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    Construction and Details
    • Drawer fronts are angled to serve as integrated drawer pulls
    • Legs are tapered solid Maple
    • Piece is in excellent refinished condition

    Dimensions

    In the early 1950s the Planning Unit took on a project for IBM that required a large number of desks. The different needs of each of the divisions of workers at IBM necessitated a desk that could be tailored to meet each set of requirements.

    Florence Knoll devised a simple method of addressing the individual requirements by altering the selection of three basic components of the desk: a frame of square-section metal tubing, in chrome or “black oxide”; a top of either walnut veneer or “walnut plastic laminate”; and pedestals—one or two—available in an assortment of configurations of drawers and cabinets with doors. As such, this was the very first Knoll furniture system. A second base option in wood—solid walnut with “dark lacquer finish”—was added as the Model 3500 desk series. Pedestals for both lines were walnut veneer.

    The desks, which first appeared in Knoll price lists in 1956, became a staple of Planning Unit interiors, and a widely specified Knoll product.

    Born to a baker, and orphaned at age twelve, Florence Schust grew up Saginaw, Michigan. Schust demonstrated an early interest in architecture and was enrolled at the Kingswood School for Girls, adjacent to the Cranbrook Academy of Art.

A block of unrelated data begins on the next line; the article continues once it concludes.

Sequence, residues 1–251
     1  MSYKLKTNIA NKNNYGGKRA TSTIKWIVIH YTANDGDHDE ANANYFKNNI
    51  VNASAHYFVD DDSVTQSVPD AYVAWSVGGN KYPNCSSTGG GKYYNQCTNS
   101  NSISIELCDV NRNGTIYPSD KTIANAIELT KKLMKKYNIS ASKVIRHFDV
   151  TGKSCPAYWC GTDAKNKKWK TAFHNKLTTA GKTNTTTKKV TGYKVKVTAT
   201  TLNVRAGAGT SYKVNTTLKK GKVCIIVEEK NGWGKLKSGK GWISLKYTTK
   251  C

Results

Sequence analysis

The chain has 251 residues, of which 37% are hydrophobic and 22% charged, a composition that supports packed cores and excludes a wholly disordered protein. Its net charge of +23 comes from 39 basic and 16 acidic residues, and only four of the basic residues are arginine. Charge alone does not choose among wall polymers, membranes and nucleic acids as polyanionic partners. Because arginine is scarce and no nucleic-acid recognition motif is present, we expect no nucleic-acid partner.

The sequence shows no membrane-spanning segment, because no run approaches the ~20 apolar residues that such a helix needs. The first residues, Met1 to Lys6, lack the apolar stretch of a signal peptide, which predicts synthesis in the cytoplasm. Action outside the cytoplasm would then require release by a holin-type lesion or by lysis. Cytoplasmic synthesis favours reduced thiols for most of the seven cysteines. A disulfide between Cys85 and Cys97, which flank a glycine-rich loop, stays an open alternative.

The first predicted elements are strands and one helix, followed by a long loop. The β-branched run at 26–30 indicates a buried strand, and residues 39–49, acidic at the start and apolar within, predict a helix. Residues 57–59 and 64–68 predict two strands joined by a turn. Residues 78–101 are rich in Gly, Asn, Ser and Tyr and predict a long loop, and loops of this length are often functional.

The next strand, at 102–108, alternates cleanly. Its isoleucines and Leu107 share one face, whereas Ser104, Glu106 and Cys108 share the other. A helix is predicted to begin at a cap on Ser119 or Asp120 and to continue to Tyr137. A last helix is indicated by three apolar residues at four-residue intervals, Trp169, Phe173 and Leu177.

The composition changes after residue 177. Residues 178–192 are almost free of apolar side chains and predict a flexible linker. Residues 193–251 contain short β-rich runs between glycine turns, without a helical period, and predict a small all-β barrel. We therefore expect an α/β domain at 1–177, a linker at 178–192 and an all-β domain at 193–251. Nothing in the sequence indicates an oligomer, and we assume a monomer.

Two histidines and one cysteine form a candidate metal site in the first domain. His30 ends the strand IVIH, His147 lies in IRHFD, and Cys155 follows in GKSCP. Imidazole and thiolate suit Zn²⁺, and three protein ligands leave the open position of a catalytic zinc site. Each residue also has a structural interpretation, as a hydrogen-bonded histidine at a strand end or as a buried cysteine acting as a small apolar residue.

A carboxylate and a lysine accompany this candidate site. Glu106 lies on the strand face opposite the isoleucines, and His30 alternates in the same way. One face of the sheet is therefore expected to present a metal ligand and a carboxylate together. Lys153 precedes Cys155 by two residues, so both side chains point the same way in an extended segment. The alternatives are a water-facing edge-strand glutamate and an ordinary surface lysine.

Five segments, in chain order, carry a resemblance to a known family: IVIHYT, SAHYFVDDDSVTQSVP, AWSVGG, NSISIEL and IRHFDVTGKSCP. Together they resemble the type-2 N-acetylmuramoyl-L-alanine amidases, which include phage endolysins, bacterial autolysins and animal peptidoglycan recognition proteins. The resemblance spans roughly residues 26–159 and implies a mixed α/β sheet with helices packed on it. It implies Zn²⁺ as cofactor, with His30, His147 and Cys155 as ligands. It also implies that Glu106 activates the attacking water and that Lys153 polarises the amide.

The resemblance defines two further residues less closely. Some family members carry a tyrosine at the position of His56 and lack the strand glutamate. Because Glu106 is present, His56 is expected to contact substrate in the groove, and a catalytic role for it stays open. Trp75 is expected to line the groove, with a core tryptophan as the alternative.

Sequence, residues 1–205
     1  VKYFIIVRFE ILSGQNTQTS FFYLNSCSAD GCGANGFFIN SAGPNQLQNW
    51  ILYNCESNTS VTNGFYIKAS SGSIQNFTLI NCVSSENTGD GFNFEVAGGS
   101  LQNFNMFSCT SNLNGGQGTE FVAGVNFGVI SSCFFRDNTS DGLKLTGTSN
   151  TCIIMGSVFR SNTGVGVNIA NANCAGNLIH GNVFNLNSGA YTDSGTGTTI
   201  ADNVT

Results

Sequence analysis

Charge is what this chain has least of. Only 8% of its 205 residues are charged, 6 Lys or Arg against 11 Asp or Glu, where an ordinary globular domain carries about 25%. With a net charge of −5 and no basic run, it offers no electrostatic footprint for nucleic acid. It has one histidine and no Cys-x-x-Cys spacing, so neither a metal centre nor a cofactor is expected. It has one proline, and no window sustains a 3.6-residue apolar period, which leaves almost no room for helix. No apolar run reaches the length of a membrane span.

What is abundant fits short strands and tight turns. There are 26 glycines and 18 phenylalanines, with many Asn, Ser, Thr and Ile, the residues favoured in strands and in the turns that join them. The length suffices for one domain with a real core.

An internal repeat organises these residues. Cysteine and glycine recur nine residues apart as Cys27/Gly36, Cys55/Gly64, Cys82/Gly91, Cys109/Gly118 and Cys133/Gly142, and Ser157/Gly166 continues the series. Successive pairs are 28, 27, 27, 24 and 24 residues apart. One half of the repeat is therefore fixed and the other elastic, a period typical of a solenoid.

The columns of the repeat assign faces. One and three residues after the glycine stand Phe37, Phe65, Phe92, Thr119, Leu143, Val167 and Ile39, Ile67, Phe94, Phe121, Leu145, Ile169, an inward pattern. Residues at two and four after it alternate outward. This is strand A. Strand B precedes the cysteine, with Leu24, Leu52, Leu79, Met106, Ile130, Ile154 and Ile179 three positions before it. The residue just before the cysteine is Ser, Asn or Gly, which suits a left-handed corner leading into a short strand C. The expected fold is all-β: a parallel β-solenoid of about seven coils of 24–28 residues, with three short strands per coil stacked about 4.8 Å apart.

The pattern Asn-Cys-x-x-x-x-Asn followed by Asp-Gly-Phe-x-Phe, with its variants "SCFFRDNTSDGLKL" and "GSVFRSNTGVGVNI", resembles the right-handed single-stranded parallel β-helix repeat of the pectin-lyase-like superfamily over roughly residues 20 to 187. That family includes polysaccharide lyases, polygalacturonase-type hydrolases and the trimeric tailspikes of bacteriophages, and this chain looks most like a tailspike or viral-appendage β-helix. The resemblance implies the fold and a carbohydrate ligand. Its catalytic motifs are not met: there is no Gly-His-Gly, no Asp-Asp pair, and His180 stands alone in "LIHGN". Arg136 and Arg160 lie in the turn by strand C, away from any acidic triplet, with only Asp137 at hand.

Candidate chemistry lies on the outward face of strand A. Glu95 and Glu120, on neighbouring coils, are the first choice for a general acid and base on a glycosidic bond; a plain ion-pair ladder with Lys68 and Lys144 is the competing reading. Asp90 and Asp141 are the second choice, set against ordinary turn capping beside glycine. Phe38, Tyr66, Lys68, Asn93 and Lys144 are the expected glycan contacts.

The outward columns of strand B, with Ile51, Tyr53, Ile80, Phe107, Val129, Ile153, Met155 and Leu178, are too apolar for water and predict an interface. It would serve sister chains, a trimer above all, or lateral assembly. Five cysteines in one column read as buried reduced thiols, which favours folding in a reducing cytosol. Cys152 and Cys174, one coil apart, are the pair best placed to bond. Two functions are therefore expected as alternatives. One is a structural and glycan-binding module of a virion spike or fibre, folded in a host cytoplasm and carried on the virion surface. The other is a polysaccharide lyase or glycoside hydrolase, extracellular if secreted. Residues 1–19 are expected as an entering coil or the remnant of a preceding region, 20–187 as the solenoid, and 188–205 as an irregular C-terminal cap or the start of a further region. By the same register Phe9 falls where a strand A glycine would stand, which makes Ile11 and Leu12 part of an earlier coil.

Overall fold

While at Kingswood, Florence befriended Eilel Saarinen, whom she would later study under at Cranbrook. Warmly embraced by the Saarinen family, Florence seeded in Michigan the foundations of her incredible design education and pioneering career. Florence went on to study under some of the greatest 20th century architects, including Gropius, Breuer, and Mies. In 1941 Florence moved to New York where she met Hans Knoll who was establishing his furniture company. With Florence’s design skills and Hans’ business acumen and salesmanship, the pair, who married in 1946, grew the nascent company into an international arbiter of style and design. In creating the revolutionary Knoll Planning Unit, Florence Knoll defined the standard for the modern corporate interiors of post-war America.

    After the tragic death of Hans Knoll in 1955, Florence Knoll led the company as president through uncertain times. In 1960 she resigned the presidency to focus on directing design and development and, in 1965 after pioneering an industry and defining the landscape and aesthetic of the corporate office, Florence Knoll Bassett (she remarried in 1957) retired from the company. Her contributions to Knoll, and to the rise of modernism in America, are immeasurable.